Aakash was in his Molecular Cell Biology class for Neuroscience when the professor mentioned Alzheimer's disease and the struggles patients of the illness face on a daily basis - forgetting family members' names, not recalling what happened in the past or what will happen in the future, not knowing where items are located, withdrawal from society, frantic behavior when alone, amongst other things. Dee and Aakash were avid Alexa users in their dorms and, realized that Alexa could be utilized to help patients with Alzheimer's manage their condition without needing constant medical attention.

function define_alzheimers(){
     console.log("a chronic neurodegenerative disease");
     var symptomsList = [
            "decreased and poor judgement",
            "withdrawal from work or social activities",
            "changes in mood and personality",
            "trouble understanding visual images and spatial relationships",
            "difficulty remembering fundamental aspects of personal life"

What it does

Our system has two services: an Alexa Skill utility and an intuitive, easily-accessible web portal for loved ones to access. People who know the patient well may log into the account and populate the profile with information specific to that patient - family tree (relationships and names), calendrical information, knowledge regarding where objects are stored in the house. Then, after saving the profile, the patient is able to ask Alexa questions about their own life as naturally as they could ask other people that they are close to.

"Alexa open my memory. What is scheduled for Tuesday?"
"Alexa open my memory. Where is my bread?"
"Alexa open my memory. Who is my mom?"
"Alexa open my memory. Tell me about my family."

It's as simple as that - loved ones manage a profile and an Alzheimer's patient asks the questions.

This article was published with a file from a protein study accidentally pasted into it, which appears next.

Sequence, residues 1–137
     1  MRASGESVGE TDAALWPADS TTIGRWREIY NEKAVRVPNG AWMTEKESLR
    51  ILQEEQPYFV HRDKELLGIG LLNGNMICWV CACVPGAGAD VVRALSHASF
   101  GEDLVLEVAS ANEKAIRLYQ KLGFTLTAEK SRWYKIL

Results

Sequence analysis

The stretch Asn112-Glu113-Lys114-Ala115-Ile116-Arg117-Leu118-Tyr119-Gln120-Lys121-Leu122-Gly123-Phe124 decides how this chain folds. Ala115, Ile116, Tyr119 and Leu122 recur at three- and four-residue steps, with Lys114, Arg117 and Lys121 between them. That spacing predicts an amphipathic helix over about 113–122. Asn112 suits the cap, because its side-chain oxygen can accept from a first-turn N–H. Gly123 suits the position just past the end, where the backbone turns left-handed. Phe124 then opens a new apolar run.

How we built it

Alexa Skill - We used the calendar example from the Alexa QuickStart Github repository as our scaffold and built off of that. After configuring the example project to fit our needs (changing names, adding a custom calendar from the web, setting up a web server on AWS, etc), we began implementing other features such as the family tree. For the tree, we set up a DynamoDB AWS system to store information on each family member for easy access later on. We used a similar system for the object/location database.

Web Portal - The web portal is written entirely in native Javascript, HTML, and CSS with Bootstrap for quick scaffolding, lots of sample images from online, and a hook up to the DynamoDB database.

Challenges we ran into

Wi Fi - Alexa relies on the internet to function properly and as we were at a hackathon with spotty Wi Fi, Alexa often struggled to get responses (or connect at all).

Lambda - Hosting the project in the first place was an issue because Lambda was down for our team for the first half of the hackathon duration.

NPM Problems - downloading the iCal module resulted in many issues so we needed to revert to a previous version and adjust the example code (aka mega-troubleshooting).

Accomplishments that we're proud of

First Alexa Skill Built - This is the first time any of us have built an Alexa Skill and it was a great experience! We plan on working with Alexa again in the future.

Real Life Utility - 48.5 million people in the United States were diagnosed with Alzheimer's in 2015. This Skill and web portal is definitely a utility that could change lives in extraordinary ways if implemented on a large scale.

What's next for Memory

We plan on adding an actual login system so people can create real accounts for their loved ones and begin using this Skill in real life situations. We will publish the Skill to the Alexa Store so people can download it for their Alexa and we will take advice and feedback to improve Memory for the long term.

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